Deborah shuddered. Aye, the mystery had cleared, but only to enshroud her spirits anew and make her long with all her bursting heart and shuddering soul that death had been her portion before ever she had essayed to lift the veil held down so tightly by these two remorseful men.

But was her fault irremediable? The only unanswerable connection between this old crime and Oliver lay in the evidence she had herself collected. As she had every intention of suppressing this evidence, and as she had small dread of any one else digging out the facts to which she only possessed a clew, might she not hope that any suspicions raised by her inquiries would fall like a house of cards when she withdrew her hand from the toppling structure?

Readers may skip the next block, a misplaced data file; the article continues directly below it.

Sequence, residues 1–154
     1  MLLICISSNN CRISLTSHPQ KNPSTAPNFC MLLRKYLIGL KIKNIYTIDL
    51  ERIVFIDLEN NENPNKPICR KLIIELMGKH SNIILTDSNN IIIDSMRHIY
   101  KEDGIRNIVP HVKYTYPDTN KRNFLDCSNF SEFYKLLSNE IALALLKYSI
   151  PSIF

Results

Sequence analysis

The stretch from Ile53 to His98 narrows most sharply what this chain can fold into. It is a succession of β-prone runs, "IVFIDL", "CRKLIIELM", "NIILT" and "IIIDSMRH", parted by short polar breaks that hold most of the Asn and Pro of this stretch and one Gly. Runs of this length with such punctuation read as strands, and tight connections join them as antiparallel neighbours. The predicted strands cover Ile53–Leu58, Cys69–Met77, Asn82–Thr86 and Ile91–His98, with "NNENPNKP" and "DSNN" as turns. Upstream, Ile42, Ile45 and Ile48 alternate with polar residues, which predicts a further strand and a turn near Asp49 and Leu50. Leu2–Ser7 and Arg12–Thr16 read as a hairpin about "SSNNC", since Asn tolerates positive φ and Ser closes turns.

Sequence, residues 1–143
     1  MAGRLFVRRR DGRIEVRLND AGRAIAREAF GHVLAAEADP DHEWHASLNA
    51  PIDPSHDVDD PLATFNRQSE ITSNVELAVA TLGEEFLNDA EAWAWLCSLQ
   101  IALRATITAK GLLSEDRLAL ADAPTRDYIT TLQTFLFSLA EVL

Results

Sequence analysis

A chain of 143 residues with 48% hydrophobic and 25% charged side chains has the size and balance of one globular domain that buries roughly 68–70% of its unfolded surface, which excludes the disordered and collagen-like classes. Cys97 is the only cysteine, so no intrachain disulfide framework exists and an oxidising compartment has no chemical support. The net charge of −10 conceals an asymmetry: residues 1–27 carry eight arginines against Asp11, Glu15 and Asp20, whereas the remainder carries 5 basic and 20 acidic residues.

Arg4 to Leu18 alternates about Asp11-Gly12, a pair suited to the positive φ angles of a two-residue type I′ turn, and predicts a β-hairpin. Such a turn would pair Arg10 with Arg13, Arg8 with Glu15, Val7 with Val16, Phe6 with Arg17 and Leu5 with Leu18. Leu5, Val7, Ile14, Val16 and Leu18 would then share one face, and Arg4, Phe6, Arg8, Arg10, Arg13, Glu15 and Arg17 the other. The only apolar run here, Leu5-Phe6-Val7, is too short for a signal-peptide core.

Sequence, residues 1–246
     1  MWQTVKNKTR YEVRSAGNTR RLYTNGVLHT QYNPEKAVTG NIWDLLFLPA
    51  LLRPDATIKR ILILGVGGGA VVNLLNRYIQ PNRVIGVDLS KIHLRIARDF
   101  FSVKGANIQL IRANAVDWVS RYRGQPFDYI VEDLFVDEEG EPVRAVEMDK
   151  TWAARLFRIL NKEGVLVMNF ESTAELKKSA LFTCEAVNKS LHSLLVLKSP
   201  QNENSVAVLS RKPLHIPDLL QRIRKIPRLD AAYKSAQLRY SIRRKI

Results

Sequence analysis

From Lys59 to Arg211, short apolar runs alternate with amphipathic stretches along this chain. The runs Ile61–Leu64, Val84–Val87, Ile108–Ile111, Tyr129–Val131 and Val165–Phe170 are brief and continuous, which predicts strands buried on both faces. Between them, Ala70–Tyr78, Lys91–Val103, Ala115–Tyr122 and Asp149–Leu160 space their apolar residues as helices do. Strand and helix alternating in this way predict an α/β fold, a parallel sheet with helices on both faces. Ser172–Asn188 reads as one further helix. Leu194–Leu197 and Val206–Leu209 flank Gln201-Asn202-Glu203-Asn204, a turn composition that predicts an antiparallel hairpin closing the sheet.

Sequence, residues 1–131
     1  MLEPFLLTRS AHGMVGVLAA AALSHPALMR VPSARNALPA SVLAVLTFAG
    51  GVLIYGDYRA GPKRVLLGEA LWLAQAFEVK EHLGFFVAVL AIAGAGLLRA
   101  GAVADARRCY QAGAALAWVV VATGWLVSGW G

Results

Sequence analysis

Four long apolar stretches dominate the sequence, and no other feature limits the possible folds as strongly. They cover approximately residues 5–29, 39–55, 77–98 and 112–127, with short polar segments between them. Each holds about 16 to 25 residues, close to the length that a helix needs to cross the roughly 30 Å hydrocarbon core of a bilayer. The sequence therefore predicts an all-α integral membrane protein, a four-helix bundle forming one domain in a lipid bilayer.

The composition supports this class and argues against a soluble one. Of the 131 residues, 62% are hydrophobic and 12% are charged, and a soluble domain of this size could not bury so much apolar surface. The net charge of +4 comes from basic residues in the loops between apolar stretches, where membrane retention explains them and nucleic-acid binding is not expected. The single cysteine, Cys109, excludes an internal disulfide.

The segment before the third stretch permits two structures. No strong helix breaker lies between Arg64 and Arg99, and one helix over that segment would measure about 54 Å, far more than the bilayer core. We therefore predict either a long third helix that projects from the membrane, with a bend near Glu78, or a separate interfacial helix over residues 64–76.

She would make her first effort and see. Mr. Black had heard her complaint; he should be the first to learn that the encouragement she had received was so small that she had decided to accept her present good luck without further query, and not hark back to a past which most people had buried.


Last updated Friday, February 28, 2014 at 13:34